Rep. Charlie Dent of Pennsylvania, a favorite of the D.C. press, apparently can’t wait to get out of Congress. The Republican announced on Tuesday that he was leaving Congress “in the upcoming weeks,” after previously saying that he wouldn’t run for re-election. This potentially sets up an even more pointless special election than the one we saw in Pennsylvania last month.
“I am especially proud of the work I have done to give voice to the sensible center in our country that is often overlooked or ignored,” Dent wrote in a statement. “It is my intention to continue to aggressively advocate for responsible governance and pragmatic solutions in the coming years.”
Much of the focus on both Dent’s recent career and his retirement has been on his role as a centrist voice within an increasingly hardline Republican caucus, particularly as he’s sometimes willing to vocally criticize the far-right House Freedom Caucus and Donald Trump. “The spontaneity and lack of impulse control are areas of concern for lots of members on both sides of the aisle,” Dent told the Associated Press in March. “Disorder, chaos, instability, uncertainty, intemperate statements are not conservative virtues in my opinion.”
Dent is a co-chair and arguably the most high-profile member of the Tuesday Group, a caucus of center-right Republicans whose mission for over two decades has been to frown at the right wing while helping to enact its agenda. For about four months last year, one of Dent’s co-chairs was Tom MacArthur, a New Jersey congressman who brokered a deal with the Freedom Caucus to get an enormously shitty Obamacare repeal bill passed before it died in the Senate.
Dent told the Atlantic last October that he had an idea of who might be able to step up to lead the so-called “moderates” once he was gone:
“I don’t want to divulge too much, but we have been talking about succession plans,” Dent assured me. Quick as a jackrabbit, he ticked through over a half-dozen Tuesday Groupies ready to rise to the occasion: Elise Stefanik, Ryan Costello, Leonard Lance, Carlos Curbelo, John Katko, Brian Fitzpatrick, and Patrick Meehan.
Out of those seven, only Stefanik and Katko, two New York Republicans who serve as Dent’s co-chairs in the Tuesday Group, are in a relatively good position to win re-election. Dent’s fellow Pennsylvania Republicans Costello and Meehan plan to join him in retirement, and Fitzpatrick is running in Pennsylvania’s newly redrawn 1st congressional district, which went for Hillary Clinton by two points. Curbelo is running neck and neck with a virtually unknown Democrat in his Florida district. Lance, a five-term Republican from New Jersey, has been outraised by the Democratic frontrunner in his race two quarters in a row.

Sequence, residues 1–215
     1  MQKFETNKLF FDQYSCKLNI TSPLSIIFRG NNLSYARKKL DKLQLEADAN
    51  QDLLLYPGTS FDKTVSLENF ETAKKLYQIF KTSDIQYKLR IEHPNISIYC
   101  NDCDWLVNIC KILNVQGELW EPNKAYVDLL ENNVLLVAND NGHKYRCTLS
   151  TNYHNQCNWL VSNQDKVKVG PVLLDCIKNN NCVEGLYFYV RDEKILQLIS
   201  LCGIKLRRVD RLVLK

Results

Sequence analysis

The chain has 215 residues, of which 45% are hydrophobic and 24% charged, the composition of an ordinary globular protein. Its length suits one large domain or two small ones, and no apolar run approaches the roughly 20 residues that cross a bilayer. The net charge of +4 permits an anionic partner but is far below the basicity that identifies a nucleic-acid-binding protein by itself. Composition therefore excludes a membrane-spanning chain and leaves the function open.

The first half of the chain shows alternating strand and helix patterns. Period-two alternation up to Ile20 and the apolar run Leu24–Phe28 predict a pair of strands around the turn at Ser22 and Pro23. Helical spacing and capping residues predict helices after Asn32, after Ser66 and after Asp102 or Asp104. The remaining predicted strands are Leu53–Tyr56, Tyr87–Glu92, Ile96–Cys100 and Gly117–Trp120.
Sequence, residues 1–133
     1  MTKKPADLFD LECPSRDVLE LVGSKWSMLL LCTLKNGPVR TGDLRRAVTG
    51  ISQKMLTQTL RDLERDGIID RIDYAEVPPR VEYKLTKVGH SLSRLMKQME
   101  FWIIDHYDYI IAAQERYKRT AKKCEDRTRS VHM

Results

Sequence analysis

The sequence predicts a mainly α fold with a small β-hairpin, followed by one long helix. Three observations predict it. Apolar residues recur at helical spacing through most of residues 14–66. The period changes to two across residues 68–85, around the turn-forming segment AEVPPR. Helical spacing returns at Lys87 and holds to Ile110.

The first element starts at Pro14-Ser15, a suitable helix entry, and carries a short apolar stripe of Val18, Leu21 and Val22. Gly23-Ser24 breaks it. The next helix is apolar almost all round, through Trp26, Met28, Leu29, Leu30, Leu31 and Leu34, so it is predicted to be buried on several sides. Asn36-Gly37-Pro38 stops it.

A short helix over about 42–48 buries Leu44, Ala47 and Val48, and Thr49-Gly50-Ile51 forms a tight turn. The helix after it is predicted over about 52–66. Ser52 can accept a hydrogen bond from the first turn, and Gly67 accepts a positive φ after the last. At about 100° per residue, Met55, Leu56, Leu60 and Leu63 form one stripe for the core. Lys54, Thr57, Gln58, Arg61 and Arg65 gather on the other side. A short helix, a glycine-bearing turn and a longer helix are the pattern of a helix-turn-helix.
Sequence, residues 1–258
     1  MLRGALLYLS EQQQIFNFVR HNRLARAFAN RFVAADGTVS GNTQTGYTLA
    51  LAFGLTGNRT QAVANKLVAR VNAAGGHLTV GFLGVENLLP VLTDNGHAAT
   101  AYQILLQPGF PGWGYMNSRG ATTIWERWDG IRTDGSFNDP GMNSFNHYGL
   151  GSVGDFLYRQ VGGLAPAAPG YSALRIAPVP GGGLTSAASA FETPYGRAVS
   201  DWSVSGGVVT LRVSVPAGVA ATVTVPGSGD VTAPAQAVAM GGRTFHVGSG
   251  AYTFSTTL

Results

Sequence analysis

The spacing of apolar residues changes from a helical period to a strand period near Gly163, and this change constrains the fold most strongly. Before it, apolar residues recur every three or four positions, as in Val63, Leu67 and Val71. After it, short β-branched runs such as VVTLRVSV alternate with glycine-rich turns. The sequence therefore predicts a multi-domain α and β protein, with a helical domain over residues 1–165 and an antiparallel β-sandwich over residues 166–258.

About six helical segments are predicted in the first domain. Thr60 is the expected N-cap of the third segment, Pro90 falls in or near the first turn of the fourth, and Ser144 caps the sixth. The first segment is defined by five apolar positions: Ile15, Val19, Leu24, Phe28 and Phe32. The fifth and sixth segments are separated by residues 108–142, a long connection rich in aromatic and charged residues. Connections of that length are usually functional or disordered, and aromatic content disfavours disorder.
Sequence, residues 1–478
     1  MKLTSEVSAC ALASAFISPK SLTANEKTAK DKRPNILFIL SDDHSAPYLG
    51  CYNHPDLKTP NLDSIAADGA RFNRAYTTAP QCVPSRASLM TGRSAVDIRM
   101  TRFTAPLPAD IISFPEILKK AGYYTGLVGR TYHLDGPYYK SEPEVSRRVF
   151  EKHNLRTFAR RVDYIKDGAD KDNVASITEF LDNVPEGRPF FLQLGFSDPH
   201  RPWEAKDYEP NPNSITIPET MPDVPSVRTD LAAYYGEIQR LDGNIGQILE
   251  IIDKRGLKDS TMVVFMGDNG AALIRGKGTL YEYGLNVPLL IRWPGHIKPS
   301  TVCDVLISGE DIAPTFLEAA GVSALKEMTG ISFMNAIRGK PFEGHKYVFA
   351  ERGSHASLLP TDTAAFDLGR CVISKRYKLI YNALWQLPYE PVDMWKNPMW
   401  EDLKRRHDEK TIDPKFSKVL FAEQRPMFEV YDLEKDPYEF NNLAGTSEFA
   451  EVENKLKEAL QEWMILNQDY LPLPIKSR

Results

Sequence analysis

In short, what the remnants of the Tuesday Group could be looking at is a decimation that rivals what happened to the Blue Dog Democrats in 2010.
For all of Dent’s griping about Trump, he wiped his tears about norms and polarization away for long enough in order to vote for the Trump tax cut and to vote for a racist Trump-backed bill which would withhold federal grant money to sanctuary cities. Before Trump, he opposed the Iran deal and voted to repeal Obamacare when there were no political consequences for doing so.
Dent’s career is a case study in how no species of politician gets more credit in Washington for doing less than a “moderate” Republican. Now, having served as enablers for a party that has drifted further to the right with every election, these people—many of whom are just rebranded neocons—are astonished that the end result of their long-term complicity with the right is a giant 71-year old toddler president who mostly wants the same things that they do but is more vulgar about it.
Credit where credit is due, though: Dent has the right idea. If Republican moderates truly want to help make things right, they can start by leaving Congress and fucking off to write books about leadership and strength and common sense, or whatever it is that retired politicians do. If we’re lucky, their successors might do something useful for a change.